B-Sides: JD Samson (and a rundown of how she made my teen years more bearable)

Portrait of JD Samson in front of a grey background. JD Samson is wearing a black blazer and gazing into the distance with her hand placed on her neck.

JD Samson is certainly no stranger to Bitch; a significant voice in the Riot Grrrl movement, and a more than prominent queer and feminist icon, it only makes sense to let you know what she’s up to this summer. Last week, while attempting to figure out exactly what to write for this post (because leaving you with just a list of tour dates would be boring), a dear friend deemed me a “JD Samson connoisseur.” While I gladly accepted this title, there’s definitely a bit of a difference between knowing a lot about someone and having a mild obsession* with (read: giant crush on) that person, and you can probably guess where I stand within this spectrum of connoisseurship. Though, with this giant crush, comes a great deal of respect and admiration for JD as both an artist and an activist.

I was born a bit too late to fully embrace a true ’90s Riot Grrrl identity of my own, but it was no doubt an ideal I would pick up and carry into my adolescence and young adulthood. I developed a love for all things diy and punk, started playing electric bass when I was twelve, received my first hand-me-down Bikini Kill CD when I was thirteen, stomped around in my pink, zebra print pants, meticulously cut pages out of magazines with photos of Le Tigre to put on my wall, and spat in the face of normalcy, patriarchy, and the oppressive nature of my Catholic schooling experience. I was on my way to living my Riot Grrrl dreams. However, as is true with many “phases,” in one’s teenhood, there comes a lull. My Doc Martens went missing, I was bored of writing my zine, my zebra print pants were too tight in the butt, and my walls had been stripped of the icons I had looked up to for years. Something was wrong. Had the stresses of high school caught up to me? Was I giving in to something I had resisted for so long? In this time period (I’ll call it my lost year), I associated with people I despised, I was reeled into a world of disposable friendships and meaningless gossip, and essentially, I became everything I never wanted to be, all for the sake of feeling appreciated. But one morning, nearing the end of my senior year, something snapped. I woke up and thought to myself, “Why am I putting up with this?” I needed to get out of there, not listen to people who would say, “Devyn, you’re getting too feminist-y on us,” (what does that even mean???) and embrace the fact that I was not, and did not want to be a carbon copy of every 17-year-old girl in Hudson County. I applied to as many “experimental” colleges as I could, skipped my senior prom, graduated, and never looked back.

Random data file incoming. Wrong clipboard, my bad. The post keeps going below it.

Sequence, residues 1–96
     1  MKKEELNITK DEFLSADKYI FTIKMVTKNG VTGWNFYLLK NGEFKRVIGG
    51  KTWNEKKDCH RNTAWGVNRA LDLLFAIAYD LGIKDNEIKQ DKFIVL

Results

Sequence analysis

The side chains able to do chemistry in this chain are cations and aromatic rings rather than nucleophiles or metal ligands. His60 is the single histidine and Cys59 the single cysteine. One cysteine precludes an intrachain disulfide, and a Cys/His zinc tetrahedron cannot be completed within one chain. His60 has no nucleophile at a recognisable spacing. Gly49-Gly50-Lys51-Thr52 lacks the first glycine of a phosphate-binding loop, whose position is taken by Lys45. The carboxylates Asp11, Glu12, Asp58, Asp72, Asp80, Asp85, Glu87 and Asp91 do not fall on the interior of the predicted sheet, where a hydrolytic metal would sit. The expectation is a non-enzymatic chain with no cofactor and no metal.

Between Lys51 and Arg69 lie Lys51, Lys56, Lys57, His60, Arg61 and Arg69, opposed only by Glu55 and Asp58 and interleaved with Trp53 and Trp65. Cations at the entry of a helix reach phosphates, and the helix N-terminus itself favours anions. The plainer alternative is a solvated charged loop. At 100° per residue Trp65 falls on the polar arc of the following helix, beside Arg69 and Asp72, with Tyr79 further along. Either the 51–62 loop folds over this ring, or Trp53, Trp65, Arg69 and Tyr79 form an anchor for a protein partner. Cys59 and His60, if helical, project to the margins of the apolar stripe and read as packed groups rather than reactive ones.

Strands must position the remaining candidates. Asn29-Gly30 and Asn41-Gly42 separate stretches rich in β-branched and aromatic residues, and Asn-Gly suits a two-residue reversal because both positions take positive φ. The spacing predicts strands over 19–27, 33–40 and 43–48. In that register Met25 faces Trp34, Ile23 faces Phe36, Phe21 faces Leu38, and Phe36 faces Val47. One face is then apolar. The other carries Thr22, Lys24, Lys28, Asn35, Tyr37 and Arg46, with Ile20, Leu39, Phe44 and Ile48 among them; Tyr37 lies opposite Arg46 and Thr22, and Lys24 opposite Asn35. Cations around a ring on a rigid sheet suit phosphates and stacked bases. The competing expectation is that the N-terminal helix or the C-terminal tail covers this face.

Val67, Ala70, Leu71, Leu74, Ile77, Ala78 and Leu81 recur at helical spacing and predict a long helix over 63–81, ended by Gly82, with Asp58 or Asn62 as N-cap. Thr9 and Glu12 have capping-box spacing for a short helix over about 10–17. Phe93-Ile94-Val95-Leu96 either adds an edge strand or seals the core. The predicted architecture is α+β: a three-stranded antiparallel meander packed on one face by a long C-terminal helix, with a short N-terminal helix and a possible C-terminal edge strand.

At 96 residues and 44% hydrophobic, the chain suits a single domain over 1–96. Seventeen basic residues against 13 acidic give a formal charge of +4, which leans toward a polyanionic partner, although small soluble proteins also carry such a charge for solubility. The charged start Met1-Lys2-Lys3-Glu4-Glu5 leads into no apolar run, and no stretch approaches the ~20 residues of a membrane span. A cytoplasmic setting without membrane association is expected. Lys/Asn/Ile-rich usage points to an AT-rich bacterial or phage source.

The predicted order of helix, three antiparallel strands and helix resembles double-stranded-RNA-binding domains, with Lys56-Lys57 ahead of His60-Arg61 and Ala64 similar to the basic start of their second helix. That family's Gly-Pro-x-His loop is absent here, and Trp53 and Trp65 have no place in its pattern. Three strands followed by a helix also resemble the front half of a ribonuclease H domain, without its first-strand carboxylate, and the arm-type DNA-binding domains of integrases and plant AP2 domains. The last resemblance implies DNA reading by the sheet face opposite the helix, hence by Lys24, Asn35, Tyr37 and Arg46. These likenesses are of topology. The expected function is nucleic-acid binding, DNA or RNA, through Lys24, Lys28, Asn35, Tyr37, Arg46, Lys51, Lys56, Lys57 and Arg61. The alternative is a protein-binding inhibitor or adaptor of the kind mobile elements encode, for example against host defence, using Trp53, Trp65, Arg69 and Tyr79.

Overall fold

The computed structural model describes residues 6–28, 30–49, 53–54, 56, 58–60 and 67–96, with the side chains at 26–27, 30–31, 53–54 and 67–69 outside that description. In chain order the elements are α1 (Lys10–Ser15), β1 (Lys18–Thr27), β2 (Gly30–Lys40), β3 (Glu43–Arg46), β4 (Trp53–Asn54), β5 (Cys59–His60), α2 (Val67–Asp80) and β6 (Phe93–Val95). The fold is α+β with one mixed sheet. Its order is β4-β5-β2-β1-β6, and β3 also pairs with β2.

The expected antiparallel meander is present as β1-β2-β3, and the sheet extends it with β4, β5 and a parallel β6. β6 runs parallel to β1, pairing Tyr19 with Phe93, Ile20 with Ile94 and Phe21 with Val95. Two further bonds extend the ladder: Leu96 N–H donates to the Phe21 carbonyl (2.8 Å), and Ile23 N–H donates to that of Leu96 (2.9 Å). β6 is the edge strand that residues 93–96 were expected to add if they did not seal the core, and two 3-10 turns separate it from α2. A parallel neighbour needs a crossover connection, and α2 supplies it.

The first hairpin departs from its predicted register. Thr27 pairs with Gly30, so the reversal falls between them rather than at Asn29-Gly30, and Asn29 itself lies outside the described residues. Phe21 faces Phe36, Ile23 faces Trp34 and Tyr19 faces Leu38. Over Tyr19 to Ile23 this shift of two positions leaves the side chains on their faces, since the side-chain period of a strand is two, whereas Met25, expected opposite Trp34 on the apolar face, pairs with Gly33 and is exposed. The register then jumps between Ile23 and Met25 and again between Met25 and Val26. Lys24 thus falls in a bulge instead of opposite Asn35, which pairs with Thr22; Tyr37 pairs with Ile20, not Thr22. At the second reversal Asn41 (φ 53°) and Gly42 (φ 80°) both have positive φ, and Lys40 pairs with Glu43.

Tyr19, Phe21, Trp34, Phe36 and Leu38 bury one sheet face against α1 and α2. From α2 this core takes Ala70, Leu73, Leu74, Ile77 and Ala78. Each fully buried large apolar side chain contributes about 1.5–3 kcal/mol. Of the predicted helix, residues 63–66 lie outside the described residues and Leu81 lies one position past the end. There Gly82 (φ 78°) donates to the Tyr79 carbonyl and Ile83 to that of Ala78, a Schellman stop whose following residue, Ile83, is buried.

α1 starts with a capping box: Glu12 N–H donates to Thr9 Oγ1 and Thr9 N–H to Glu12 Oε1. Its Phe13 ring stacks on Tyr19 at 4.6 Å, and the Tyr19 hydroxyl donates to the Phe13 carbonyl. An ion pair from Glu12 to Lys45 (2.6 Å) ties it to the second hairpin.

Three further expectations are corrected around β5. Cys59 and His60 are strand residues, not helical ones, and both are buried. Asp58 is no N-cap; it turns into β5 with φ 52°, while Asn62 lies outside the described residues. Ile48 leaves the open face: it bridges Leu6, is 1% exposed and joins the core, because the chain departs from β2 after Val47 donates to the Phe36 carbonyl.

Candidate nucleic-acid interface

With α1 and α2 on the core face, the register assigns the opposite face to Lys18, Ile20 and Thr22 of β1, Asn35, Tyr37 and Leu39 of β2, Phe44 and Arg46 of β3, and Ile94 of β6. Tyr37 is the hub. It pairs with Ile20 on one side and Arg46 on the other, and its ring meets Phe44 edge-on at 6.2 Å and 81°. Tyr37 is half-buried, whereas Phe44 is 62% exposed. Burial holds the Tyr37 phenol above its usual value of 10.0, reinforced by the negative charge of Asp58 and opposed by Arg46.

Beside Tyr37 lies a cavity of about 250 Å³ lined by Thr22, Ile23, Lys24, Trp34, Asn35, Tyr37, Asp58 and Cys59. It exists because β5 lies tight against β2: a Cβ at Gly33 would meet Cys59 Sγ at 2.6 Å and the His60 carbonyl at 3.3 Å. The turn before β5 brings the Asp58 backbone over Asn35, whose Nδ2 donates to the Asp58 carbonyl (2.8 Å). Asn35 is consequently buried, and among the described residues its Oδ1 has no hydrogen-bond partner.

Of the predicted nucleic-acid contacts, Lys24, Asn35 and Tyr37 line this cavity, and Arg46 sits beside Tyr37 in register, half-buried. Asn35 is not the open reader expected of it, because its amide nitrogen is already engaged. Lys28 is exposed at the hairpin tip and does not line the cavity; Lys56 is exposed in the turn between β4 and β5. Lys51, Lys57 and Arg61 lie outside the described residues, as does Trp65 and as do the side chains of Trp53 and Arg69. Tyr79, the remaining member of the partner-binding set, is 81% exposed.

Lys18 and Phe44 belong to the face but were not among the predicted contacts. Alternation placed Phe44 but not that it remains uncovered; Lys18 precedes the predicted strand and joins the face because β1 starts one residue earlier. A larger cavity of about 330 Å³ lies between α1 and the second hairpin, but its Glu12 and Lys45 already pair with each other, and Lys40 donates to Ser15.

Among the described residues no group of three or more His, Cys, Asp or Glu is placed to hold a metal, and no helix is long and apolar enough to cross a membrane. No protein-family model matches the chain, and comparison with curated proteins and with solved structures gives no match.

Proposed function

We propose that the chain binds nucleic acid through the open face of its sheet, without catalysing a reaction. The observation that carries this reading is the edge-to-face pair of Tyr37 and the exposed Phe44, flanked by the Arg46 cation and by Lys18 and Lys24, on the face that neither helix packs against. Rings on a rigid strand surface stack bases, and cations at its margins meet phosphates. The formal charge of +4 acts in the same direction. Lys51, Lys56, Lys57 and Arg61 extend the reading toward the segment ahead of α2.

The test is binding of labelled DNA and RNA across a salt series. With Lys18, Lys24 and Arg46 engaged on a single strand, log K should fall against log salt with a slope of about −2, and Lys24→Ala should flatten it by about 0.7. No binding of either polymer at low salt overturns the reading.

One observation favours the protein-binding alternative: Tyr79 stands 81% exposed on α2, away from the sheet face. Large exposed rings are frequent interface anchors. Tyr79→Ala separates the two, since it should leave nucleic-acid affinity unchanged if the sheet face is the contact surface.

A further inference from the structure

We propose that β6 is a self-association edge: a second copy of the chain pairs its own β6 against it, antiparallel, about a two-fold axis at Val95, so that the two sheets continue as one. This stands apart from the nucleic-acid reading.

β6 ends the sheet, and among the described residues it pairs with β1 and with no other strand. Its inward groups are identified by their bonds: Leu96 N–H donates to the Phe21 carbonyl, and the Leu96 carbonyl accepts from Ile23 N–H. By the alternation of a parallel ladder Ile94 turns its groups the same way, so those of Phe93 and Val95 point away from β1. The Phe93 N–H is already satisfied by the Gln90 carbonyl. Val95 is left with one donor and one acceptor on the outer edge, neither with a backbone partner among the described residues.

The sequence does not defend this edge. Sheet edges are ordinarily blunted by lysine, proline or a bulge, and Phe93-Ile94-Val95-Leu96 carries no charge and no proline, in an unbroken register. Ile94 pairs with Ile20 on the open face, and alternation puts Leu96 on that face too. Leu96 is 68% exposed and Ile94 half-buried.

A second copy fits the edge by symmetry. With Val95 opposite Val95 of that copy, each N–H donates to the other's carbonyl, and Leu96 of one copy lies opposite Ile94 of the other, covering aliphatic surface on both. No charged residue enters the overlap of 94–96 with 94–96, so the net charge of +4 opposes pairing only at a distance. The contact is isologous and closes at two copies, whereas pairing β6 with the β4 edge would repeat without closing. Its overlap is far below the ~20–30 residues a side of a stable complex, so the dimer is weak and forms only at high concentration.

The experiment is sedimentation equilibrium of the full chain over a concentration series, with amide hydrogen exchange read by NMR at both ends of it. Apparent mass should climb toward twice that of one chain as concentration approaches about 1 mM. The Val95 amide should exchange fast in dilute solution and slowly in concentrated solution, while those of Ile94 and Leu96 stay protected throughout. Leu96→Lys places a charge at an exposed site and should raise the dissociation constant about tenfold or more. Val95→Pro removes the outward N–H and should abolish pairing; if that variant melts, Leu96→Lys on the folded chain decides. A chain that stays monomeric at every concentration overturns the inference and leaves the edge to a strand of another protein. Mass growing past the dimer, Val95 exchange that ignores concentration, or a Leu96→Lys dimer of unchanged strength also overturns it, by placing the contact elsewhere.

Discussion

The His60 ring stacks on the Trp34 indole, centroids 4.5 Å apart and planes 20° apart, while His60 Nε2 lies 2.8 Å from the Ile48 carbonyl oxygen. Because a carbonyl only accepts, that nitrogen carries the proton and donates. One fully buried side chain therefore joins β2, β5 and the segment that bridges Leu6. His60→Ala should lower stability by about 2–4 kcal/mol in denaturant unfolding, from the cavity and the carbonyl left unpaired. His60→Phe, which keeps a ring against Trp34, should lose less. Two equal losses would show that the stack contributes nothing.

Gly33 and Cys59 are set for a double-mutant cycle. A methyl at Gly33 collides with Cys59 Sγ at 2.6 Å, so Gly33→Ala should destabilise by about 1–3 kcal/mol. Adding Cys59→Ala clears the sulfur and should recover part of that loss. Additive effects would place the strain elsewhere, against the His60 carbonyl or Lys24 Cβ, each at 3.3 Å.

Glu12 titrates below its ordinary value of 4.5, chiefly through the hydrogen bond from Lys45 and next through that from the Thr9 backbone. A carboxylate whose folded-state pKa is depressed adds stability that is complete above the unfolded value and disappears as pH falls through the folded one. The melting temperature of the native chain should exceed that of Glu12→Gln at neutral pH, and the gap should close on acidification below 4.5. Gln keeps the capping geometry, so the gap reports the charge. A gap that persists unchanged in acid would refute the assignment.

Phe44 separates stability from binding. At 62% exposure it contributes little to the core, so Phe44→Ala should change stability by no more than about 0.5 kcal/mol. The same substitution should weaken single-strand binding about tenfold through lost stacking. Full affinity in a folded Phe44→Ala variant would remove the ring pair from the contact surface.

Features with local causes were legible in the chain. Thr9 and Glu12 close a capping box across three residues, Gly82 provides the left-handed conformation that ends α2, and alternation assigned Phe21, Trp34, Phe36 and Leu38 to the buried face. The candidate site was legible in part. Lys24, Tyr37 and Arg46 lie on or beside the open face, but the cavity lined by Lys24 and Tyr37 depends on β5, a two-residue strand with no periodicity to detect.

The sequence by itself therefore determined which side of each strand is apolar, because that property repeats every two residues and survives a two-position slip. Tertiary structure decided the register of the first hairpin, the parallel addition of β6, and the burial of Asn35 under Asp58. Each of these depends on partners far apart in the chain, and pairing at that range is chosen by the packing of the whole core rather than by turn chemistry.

That summer, I experienced a resurge in my love affair with JD’s work at a MEN show in Brooklyn, NY, the day before my 18th birthday. Having only listened to MEN a few times before that evening, I wasn’t entirely sure what was in store. Surely enough, it was a rush of intrigue, heart flutters, and a simple urge to dance, and just feel so free. There I was, front and center, smiling hard, and dancing harder. It felt like the first night in years where I experienced raw, unfiltered, joy.

JD Samson performing with MEN live in Vancouver, Canada. The light is purple and her arm is at a 90 degree angle with her hand in the air

It is easy to say that JD Samson played and continues to play a pivotal role in my queer and feminist processes, as well as contributing to my early understandings of radical politics. Basically, she aided in saving my soul, my sanity, and my general wellbeing before I could be fully sucked into the vortex of social pressure. Oh, and of course, JD is a staple in my music library, and she should be in yours too, if she isn’t already.

Catch JD on tour this summer, as a DJ and with MEN:

6/22 - Seattle Pride @ Neumos (Seattle, WA)
6/24 - Scissor Sundays Tea Dance @ The Rusty Knot (NYC)
6/29 - Hot Rabbit Dance Party @ Nowhere Bar (NYC)
6/30 - MEN @ Allied Media Conference (Detroit, MI)
7/6 - MEN @ CBGB Festival at Gramercy Theatre (NYC)
7/8 - Scissor Sundays Tea Dance @ The Rusty Knot (NYC)
7/29 - Scissor Sundays Tea Dance @ The Rusty Knot (NYC)
8/12 - Scissor Sundays Tea Dance @ The Rusty Knot (NYC)
8/26 - Scissor Sundays Tea Dance @ The Rusty Knot (NYC)

To stay updated with JD and MEN’s whereabouts, check out their Facebook page or on her Twitter.

*Yes, I unabashedly, though sporadically, run a JD Samson fan Tumblr.

Live photo via anjawphoto.

by Devyn Manibo
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Devyn Manibo is a Jersey City raised (and based) award-winning interdisciplinary/multigalactic artist. She can usually be found race raging, shade bending, and averting your settler colonialist gaze with a resting glare of displeasure.

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